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Tuesday, Aug. 17, 2010

EDITORIAL

Redressing rights violations

In mid-June, Justice Minister Keiko Chiba and two lieutenants at her ministry — both Diet members — disclosed in an interim report the idea of creating a new commission to redress human rights violations. The report calls for setting up a new human rights protection commission as an extra-ministerial bureau of the Cabinet Office. It is not known when the Kan administration will send a related bill to the Diet. It must do its utmost to ensure the independence of the planned body.

In 2002, the coalition government of the Liberal Democratic Party and Komeito submitted a bill to the Diet, which called for establishing a new human rights protection body as an extra-ministerial bureau of the Justice Ministry. The Democratic Party of Japan and other opposition parties strongly criticized the bill for failing to ensure the independence of the planned body. Mass media also opposed the bill because it contained restrictions on mass media's activities with a view to preventing human rights infringement by them. It fell through in 2003.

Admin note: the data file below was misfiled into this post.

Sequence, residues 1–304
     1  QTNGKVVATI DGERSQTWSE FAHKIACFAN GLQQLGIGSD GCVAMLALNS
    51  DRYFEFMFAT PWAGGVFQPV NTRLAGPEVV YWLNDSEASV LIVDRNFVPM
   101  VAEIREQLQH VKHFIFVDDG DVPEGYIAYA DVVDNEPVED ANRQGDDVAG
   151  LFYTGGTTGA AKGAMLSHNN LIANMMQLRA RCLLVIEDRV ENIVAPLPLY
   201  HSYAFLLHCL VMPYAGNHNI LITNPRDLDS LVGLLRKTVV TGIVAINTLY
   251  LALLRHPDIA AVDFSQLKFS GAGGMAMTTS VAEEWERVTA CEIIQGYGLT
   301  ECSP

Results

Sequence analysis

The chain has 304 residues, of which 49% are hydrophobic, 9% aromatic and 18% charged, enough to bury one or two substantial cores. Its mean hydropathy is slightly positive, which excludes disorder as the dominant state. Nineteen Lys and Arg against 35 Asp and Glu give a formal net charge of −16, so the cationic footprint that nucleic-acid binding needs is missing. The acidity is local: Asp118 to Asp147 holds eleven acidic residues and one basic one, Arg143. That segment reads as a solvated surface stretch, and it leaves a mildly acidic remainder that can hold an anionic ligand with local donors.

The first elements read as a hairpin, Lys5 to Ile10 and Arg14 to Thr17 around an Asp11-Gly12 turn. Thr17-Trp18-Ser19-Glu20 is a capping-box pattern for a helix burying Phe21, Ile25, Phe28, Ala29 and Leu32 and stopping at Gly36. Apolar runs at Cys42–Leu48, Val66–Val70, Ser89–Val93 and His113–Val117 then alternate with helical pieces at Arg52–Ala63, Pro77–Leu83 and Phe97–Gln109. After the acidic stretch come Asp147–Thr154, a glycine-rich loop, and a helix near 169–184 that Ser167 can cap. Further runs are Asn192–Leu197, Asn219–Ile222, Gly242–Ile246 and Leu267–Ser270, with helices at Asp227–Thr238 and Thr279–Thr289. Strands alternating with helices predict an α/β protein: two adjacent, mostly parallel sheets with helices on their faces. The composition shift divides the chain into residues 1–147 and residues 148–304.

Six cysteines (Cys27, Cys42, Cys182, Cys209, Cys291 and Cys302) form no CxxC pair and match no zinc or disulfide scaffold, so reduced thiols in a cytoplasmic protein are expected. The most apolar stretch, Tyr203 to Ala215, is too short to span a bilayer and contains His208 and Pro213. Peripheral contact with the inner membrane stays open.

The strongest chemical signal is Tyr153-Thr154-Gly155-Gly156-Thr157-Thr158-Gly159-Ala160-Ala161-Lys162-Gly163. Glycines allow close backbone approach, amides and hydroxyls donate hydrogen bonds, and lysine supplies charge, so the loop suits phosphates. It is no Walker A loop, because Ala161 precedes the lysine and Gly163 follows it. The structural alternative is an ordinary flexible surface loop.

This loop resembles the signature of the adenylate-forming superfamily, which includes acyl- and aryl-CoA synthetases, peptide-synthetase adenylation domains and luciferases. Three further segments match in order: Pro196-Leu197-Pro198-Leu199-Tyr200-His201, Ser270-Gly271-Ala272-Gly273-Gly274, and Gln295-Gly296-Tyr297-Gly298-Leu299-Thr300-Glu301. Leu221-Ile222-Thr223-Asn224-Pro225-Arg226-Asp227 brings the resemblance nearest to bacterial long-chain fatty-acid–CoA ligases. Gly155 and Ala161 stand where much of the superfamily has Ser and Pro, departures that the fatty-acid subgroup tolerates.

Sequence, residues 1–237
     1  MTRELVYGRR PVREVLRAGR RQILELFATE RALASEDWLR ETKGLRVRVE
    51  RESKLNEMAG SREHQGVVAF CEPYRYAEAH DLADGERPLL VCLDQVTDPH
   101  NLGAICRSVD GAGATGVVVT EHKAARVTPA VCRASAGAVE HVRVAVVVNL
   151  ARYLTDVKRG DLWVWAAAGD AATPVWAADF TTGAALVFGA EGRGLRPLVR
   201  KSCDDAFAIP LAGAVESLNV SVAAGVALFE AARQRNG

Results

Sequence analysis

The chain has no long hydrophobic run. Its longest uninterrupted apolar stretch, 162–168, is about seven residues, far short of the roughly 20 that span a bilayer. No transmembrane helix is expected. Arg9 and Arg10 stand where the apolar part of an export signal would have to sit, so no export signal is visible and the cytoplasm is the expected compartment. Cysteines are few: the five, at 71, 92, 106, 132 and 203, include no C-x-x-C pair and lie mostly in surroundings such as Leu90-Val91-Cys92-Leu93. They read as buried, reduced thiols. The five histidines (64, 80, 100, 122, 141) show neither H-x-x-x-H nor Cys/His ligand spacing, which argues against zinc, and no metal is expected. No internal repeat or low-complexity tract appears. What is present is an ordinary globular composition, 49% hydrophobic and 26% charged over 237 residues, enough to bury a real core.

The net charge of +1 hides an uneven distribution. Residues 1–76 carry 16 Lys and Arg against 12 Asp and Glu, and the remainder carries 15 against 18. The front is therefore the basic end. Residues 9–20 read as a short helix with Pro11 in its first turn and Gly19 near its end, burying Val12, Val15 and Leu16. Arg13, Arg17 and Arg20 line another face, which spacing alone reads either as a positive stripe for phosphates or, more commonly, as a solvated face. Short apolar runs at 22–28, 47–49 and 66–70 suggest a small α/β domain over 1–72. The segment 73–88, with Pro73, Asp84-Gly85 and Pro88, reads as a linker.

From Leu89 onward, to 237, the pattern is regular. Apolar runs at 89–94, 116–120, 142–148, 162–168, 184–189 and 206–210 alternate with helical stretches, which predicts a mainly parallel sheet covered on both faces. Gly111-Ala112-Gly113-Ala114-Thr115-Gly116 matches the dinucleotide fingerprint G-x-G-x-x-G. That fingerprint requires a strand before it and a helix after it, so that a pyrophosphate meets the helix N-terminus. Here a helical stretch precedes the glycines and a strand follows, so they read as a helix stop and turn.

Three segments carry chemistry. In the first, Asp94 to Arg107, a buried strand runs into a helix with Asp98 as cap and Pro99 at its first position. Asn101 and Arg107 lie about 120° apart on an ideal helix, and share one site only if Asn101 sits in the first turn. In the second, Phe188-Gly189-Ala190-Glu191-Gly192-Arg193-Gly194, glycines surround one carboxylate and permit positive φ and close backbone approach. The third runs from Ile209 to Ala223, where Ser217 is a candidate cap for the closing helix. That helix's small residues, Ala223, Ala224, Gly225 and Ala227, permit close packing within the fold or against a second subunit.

The proposal made by Ms. Chiba's team at her ministry is better than the LDP-Komeito government's bill in that a new body will be established as an extra-ministerial bureau of the Cabinet Office. Under the proposed setup, it would be difficult for the Justice Ministry, which has public prosecutors offices and immigration bureaus under its wing, to intervene. The proposal includes no restrictions on mass media. A Justice Ministry official says that foreigners will probably be allowed to serve as members of the new body.

The new body would have branch organizations in each prefecture. Since the proposal calls for utilizing existing organizations, there is the possibility that workers of the Justice Ministry's Regional Legal Affairs Bureaus and private sector members of the current local human rights protection committees will work for the branch organizations. The government should consider utilizing lawyers, members of nongovernmental organizations and scholars.



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